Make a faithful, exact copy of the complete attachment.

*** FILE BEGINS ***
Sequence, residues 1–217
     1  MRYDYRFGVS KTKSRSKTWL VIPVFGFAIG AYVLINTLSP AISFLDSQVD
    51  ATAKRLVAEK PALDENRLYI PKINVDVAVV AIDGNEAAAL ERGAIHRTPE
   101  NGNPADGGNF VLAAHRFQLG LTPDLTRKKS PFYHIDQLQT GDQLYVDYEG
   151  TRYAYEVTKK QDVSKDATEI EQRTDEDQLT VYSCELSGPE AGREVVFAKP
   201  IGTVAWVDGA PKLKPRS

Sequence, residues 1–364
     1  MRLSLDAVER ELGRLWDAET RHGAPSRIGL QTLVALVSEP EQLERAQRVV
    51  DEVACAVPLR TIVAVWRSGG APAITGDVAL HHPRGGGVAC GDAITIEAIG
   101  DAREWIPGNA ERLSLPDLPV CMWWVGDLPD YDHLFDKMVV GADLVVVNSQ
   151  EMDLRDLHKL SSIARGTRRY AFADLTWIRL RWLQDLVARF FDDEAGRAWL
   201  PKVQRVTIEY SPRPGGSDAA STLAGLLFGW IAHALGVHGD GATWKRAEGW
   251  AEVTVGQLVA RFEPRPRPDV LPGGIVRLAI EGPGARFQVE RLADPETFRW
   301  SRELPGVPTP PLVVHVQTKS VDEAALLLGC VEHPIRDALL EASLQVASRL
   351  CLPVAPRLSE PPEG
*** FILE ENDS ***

Sequence, residues 1–217
     1  MRYDYRFGVS KTKSRSKTWL VIPVFGFAIG AYVLINTLSP AISFLDSQVD
    51  ATAKRLVAEK PALDENRLYI PKINVDVAVV AIDGNEAAAL ERGAIHRTPE
   101  NGNPADGGNF VLAAHRFQLG LTPDLTRKKS PFYHIDQLQT GDQLYVDYEG
   151  TRYAYEVTKK QDVSKDATEI EQRTDEDQLT VYSCELSGPE AGREVVFAKP
   201  IGTVAWVDGA PKLKPRS

Sequence, residues 1–364
     1  MRLSLDAVER ELGRLWDAET RHGAPSRIGL QTLVALVSEP EQLERAQRVV
    51  DEVACAVPLR TIVAVWRSGG APAITGDVAL HHPRGGGVAC GDAITIEAIG
   101  DAREWIPGNA ERLSLPDLPV CMWWVGDLPD YDHLFDKMVV GADLVVVNSQ
   151  EMDLRDLHKL SSIARGTRRY AFADLTWIRL RWLQDLVARF FDDEAGRAWL
   201  PKVQRVTIEY SPRPGGSDAA STLAGLLFGW IAHALGVHGD GATWKRAEGW
   251  AEVTVGQLVA RFEPRPRPDV LPGGIVRLAI EGPGARFQVE RLADPETFRW
   301  SRELPGVPTP PLVVHVQTKS VDEAALLLGC VEHPIRDALL EASLQVASRL
   351  CLPVAPRLSE PPEG